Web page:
In his memoirs, which are today at Marietta College, he shared his wish for a better education. One line said, “hence neglecting Spelling and gramer when young I have suffered much through life on that account.” But that didn’t keep him from recording records of all his correspondence, while he also kept a daily journal.

Putnam Sugar

An interesting item on the kitchen table was a cone of sugar wrapped in blue paper from the West Indies, with sugar nippers close by to get the perfect amount of sugar for a cup of coffee or tea. The blue paper had a second use as Persis could use it to dye her spun thread.

Rufus Putnam established the first Ohio Company settlement on the banks of the Ohio River in 1788. This became the first settlement in the Northwest Territory. Adelphia, meaning brotherhood, became its first name, but that was soon changed to Marietta in honor of Queen Marie Antoinette of France.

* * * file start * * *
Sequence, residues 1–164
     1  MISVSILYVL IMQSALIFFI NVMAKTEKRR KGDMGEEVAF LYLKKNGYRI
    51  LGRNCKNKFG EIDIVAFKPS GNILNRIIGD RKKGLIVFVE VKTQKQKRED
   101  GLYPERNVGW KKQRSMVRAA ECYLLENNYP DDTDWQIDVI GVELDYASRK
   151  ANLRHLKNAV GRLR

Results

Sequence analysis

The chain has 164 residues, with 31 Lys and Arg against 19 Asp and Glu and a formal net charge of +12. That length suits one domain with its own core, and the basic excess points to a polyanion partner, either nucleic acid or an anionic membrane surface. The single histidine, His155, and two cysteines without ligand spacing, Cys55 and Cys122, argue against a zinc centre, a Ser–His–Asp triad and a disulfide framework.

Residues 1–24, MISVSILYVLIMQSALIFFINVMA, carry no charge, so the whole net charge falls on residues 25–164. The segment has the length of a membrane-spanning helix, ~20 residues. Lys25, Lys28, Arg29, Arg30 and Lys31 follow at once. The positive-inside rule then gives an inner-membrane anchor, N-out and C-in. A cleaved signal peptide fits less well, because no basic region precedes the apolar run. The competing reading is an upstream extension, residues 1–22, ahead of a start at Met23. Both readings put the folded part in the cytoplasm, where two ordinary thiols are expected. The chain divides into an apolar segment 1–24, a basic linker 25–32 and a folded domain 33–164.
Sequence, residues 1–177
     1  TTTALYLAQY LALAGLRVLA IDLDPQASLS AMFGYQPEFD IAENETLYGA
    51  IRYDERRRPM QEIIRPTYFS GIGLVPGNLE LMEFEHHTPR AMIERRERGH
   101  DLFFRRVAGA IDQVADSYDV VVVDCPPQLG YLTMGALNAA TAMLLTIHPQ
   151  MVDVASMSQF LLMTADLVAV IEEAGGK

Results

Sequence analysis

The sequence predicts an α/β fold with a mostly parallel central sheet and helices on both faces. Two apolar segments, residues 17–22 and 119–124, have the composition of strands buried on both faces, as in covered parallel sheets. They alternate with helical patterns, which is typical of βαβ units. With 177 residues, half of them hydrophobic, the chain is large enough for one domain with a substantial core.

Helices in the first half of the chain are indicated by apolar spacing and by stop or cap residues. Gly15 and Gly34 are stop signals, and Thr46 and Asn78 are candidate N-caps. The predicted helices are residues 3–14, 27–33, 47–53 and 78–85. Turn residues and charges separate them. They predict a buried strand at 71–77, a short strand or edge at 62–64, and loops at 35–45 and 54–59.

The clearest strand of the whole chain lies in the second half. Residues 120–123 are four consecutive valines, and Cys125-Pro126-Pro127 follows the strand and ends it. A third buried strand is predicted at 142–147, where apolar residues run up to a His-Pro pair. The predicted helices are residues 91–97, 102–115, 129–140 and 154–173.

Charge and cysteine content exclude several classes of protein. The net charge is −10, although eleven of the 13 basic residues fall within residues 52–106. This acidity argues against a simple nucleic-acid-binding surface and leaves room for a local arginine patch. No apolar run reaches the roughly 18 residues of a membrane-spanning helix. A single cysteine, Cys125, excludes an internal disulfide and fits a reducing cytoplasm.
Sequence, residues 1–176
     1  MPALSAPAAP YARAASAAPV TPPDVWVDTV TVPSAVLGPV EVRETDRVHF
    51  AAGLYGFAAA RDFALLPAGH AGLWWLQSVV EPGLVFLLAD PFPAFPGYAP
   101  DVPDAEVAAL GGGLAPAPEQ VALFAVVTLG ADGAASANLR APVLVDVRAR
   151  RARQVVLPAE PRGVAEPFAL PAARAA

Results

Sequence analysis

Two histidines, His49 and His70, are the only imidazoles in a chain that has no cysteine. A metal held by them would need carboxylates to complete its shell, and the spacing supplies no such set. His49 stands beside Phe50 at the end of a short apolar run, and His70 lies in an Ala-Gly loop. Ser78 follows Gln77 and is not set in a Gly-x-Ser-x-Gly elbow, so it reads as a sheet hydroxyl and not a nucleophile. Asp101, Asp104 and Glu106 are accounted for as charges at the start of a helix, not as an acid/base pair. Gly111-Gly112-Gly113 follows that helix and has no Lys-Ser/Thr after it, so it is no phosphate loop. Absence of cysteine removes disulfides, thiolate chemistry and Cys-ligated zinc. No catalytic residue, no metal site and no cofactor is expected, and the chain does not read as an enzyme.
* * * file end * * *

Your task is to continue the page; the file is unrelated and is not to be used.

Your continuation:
There the Ohio Company built a fortification to protect themselves from the Indians. They called their stockade, Campus Martius. Rufus Putman’s home was one of a row of plank houses inside this stockade.

A few years later, fortification was no longer needed, so the stockade was disassembled. However, the Putnam house remained at the original site, but with added rooms. He purchased the corner blockhouse for $70 and used its lumber for his house addition.

Putnam Kitchen

This is the original kitchen where the Putnam family prepared and ate their meals.

His wife, Persis and eight children, joined him in Ohio at their new home on the bluff of the Muskingum River. Their home here contained a kitchen, sewing/sitting room and two bedrooms upstairs. Now you can see the need for an addition.